Primary Resource

"An Act declaring tenants of lands or slaves in taille to hold the same in fee simple" (1776)

In "An Act declaring tenants of lands or slaves in taille to hold the same in fee simple," passed in the October 1776 session of the General Assembly, legislators abolish the feudal English property rule of entail, which protected land from answering any debts accumulated by spendthrift offspring. Thomas Jefferson complained in his Autobiography that the result of this and primogeniture, or automatically passing inheritances to the eldest son, was the "accumulation and perpetuation of wealth, in select families." As part of his attempt at a comprehensive legal reform, he authored this bill.

Transcription from Original

I.

WHEREAS the perpetuation of property in certain families, by means of gifts made to them in fee taille, is contrary to good policy, tends to deceive fair traders, who give a credit on the visible possession of such estates, discourages the holder thereof from taking care and improving the same, and sometimes does injury to the morals of youth, by rendering the independent of and disobedient to their parents; and whereas the former method of docking such estates taille by special act of assembly, formed for every particular case, employed very much of the time of the legislature, and the same, as well as the method of defeating such estates, when of small value, was burthensome to the publick, and also to individuals:

II.

Be it therefore enacted by the General Assembly of the commonwealth of Virginia, and it is hereby enacted by the authority of the same, That any person who now hath, or hereafter may have, any estate in fee taille, general or special, in any lands or slaves in possession, or in the use or trust of any lands or slaves in possession, or who now is or hereafter may be entitled to any such estate taille in reversion or remainder, after the determination of any estate for life or lives, or of any lesser estate, whether such estate taille hath been or shall be created by deed, will, act of assembly, or by any other ways or means, shall from henceforth, or from the commencement of such estate taille, stand ipso facto seized, possessed, or entitled of, in, or to such lands or slaves, or use in lands or slaves, so held or to be held as aforesaid, in possession, reversion, or remainder, in full and absolute fee simple, in like manner as if such deed, will, act of assembly, or other instrument, had conveyed the same to him in fee simple; any words, limitations, or conditions, in the said deed, will, act of assembly, or other instrument, to the contrary notwithstanding.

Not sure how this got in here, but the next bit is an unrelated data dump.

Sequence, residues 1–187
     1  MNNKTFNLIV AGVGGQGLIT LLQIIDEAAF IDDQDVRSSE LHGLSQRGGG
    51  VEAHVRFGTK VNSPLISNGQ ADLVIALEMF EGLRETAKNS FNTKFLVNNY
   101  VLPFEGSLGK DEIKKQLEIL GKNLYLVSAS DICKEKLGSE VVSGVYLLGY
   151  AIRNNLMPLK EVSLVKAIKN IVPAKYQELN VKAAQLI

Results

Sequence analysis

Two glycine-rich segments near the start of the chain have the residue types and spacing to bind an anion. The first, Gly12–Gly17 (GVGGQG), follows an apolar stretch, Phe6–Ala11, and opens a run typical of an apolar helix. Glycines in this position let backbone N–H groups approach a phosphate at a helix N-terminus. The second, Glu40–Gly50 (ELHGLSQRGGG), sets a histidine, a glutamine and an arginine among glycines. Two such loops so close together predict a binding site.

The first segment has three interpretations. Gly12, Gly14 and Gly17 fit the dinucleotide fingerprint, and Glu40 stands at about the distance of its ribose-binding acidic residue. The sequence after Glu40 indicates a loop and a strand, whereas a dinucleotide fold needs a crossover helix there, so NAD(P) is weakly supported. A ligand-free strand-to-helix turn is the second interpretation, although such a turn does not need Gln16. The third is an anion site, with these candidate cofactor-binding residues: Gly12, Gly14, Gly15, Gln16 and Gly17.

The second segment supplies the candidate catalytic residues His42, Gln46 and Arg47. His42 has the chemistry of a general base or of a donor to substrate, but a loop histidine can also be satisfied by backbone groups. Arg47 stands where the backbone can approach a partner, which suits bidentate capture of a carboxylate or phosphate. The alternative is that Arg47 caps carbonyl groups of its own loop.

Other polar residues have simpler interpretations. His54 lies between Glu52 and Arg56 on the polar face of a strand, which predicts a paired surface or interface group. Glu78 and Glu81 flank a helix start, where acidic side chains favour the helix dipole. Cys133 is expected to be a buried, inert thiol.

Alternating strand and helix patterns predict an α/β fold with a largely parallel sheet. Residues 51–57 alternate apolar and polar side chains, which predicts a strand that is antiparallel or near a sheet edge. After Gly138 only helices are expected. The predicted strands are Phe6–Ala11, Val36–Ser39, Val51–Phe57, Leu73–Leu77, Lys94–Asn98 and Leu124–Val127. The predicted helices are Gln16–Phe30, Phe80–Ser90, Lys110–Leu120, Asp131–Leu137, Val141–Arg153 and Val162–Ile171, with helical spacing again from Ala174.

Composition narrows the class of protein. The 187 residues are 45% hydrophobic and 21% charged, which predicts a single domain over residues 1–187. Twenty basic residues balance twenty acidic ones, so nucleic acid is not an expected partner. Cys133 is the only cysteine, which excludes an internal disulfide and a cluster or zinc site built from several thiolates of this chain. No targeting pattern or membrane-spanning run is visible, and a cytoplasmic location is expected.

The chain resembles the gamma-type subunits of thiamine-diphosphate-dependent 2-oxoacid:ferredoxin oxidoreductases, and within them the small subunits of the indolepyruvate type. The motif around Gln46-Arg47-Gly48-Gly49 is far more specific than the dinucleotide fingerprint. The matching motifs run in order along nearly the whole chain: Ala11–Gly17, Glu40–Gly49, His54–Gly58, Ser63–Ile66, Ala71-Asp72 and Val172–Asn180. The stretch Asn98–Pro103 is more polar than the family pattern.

III.

Saving to all and every person and persons, bodies politick and corporate, other than the issue in taille, and those in reversion and remainder, all such right, title, interest, and estate, claim, and demand, as they, every, or any of them, could or might claim if this act had never been made; and saving also to such issue in taille, and to those in reversion and remainder, any right or title which they may have acquired by their own contract for good and valuable consideration actually and bona fide paid or performed.